• “Only let your manner of life be worthy of the gospel of Christ, so that whether I come and see you or am absent, I may hear that you are standing firm in one spirit, with one mind striving side by side for the faith of the gospel” (1:27). 
  • “Do nothing from selfish ambition or conceit, but in humility count others more significant than yourselves. Let each of you look not only to his own interests, but also to the interests of others” (2:3-4). 
  • “Do all things without grumbling or disputing” (2:14). 
  • “I entreat Euodia and I entreat Syntyche to agree in the Lord” (4:2). 

The Philippians needed to be people of humble service, and so do we. How can we be people of humble service?

If we are to be people of humble service, we must think about who Jesus is, what he chose to do, and why he chose to do it. 

We are naturally self-centered people. (Have you noticed that when someone shows you a photo that you’re in, you always first check for yourself first? Everyone else in the picture could have their eyes closed, but if you look good, it’s a great picture.) Humility doesn’t come easy for us.


The Attitude of Christ

Paul writes, “In your relationships with one another, have the same mindset as Christ Jesus” (v. 5, NIV). In verses 6-8, we discover that the attitude of Christ is a mindset of humble service.

  • Jesus was “in the form of God” (v. 6; cf. John 1:1). The NIV reads “in very nature God.” 
  • Jesus “did not count equality with God a thing to be grasped” (v. 6). This is the opposite of “selfish ambition” (v. 3).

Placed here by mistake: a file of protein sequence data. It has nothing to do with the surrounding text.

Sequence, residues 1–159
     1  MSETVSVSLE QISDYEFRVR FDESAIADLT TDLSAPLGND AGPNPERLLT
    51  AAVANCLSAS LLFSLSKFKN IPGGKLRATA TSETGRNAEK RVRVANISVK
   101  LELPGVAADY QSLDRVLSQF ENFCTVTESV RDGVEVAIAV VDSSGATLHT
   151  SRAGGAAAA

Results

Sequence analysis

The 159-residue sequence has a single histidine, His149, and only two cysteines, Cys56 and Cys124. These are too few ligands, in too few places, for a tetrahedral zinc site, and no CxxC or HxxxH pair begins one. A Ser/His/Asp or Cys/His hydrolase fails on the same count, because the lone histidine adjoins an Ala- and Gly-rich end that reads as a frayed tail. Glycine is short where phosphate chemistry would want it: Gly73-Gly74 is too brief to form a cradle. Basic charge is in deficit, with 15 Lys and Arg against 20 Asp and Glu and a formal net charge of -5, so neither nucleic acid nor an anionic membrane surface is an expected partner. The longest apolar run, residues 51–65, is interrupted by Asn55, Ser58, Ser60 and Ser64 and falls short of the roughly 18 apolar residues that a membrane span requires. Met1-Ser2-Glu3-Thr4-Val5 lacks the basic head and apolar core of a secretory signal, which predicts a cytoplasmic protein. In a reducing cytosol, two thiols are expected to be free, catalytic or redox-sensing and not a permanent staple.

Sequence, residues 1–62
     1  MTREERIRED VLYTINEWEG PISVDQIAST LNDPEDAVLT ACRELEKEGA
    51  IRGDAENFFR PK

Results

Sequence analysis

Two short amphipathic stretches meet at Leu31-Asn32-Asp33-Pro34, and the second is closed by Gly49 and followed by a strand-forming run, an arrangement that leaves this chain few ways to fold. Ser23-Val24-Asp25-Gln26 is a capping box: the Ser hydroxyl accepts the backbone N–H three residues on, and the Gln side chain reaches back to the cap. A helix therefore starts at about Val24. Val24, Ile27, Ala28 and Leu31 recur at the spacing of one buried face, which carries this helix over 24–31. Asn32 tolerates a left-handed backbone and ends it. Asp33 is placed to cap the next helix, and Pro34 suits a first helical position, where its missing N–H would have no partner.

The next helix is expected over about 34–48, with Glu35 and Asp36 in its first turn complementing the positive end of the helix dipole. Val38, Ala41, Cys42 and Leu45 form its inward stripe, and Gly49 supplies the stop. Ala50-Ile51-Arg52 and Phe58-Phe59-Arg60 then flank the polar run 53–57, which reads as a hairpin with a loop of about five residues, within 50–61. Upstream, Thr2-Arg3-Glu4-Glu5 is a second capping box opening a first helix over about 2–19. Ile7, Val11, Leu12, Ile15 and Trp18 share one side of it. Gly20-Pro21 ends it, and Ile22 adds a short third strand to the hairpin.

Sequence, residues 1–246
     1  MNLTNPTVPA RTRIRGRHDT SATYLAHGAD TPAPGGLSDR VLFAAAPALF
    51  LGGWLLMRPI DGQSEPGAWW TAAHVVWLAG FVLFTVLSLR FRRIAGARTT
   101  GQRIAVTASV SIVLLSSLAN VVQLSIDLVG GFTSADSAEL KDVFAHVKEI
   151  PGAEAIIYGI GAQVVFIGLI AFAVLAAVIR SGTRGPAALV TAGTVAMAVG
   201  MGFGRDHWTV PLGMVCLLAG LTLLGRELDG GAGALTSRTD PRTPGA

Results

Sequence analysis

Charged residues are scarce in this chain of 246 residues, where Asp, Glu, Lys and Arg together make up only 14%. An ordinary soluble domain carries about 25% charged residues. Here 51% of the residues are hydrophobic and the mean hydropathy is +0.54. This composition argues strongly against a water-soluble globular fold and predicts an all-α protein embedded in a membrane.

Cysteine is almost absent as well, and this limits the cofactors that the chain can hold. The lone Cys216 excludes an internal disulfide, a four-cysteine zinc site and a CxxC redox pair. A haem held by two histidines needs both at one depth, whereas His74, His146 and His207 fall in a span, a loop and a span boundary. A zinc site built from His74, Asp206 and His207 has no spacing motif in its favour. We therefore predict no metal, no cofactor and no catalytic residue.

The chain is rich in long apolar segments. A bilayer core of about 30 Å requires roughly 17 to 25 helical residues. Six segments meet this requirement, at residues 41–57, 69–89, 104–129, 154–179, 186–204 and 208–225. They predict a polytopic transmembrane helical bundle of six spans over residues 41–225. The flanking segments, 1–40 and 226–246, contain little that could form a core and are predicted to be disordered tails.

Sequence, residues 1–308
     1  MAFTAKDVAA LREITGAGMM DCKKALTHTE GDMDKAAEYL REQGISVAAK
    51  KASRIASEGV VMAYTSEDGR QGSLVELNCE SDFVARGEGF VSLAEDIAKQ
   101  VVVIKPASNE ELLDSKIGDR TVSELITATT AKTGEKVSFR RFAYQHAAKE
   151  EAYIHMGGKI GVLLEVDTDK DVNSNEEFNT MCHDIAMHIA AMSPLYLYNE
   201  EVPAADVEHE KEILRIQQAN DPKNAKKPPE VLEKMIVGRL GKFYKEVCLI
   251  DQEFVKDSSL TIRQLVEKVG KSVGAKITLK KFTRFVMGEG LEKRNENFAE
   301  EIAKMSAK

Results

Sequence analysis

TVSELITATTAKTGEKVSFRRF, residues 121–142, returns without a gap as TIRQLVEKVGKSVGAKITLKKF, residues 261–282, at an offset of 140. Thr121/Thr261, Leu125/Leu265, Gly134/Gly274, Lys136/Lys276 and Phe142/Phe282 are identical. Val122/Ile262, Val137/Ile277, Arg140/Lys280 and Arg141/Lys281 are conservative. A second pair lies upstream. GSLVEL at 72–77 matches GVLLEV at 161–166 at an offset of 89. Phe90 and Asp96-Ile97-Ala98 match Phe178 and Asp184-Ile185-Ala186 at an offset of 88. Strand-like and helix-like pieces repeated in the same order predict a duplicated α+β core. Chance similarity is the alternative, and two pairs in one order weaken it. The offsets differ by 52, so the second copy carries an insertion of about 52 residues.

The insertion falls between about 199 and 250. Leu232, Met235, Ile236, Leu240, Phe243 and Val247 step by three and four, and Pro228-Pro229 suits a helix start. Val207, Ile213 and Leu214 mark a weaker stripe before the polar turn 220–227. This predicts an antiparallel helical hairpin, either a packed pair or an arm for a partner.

• Jesus “emptied himself by taking the form of a servant” (v. 7). He declared, “I am among you as one who serves” (Luke 22:27). He acted as a servant when he washed his disciples’ feet (John 13:4-5). 
  • Jesus was “born in the likeness of men” (v. 7; cf. John 1:14). 
  • Jesus “humbled himself” (v. 8). In other words, he chose humility 
  • Jesus became “obedient to the point of death” (v. 8). He “gave himself for our sins” (Gal. 1:4). 
  • Jesus died “on a cross” (v. 8). Crucifixion was an excruciating and humiliating way to die. Jesus once said, “The Son of Man came not to be served but to serve, and to give his life as a ransom for many” (Mark 10:45). 

If we are to be people of humble service, we must think about who Jesus is, what he chose to do, and why he chose to do it.

Who is Jesus? He is God in human flesh. What did he choose to do? He chose to die on a cross. Why did he choose to do this? To save us. 

If God served us to the extent that he died on a cross for us, who are we to refuse humbly serving others?

Wednesday, July 8, 2015

Doing Right Things for Right Reasons

Part 17 of Kingdom Life

Text: Matthew 6:1-4

You can listen to this sermon here.



“Beware of practicing your righteousness before other people in order to be seen by them, for then you will have no reward from your Father who is in heaven” (v. 1). 


Living for the Applause 

Comedian Jerry Lewis, in an interview with GQ, admits that his act “is fueled by an unquenchable thirst for attention. He says, “I need the applause.” [1] Lady Gaga performs a song called “Applause.” The song says, “I live for the applause.” Many performers live for the applause. As followers of Jesus, we must be very careful not to perform acts of righteousness for the applause of others.


The Best Reason to Do Right Things 

The word “righteousness” (v.1) refers to types of religious acts, such as giving to the needy (vv. 2-4), prayer (vv. 5-15), and fasting (vv. 16-18). Jesus warns, “Beware of practicing your righteousness before other people in order to be seen by them” (v. 1). But earlier he said, “Let your light shine before others, so that they may see your good works and give glory to your Father who is in heaven” (5:16). Is this a contradiction?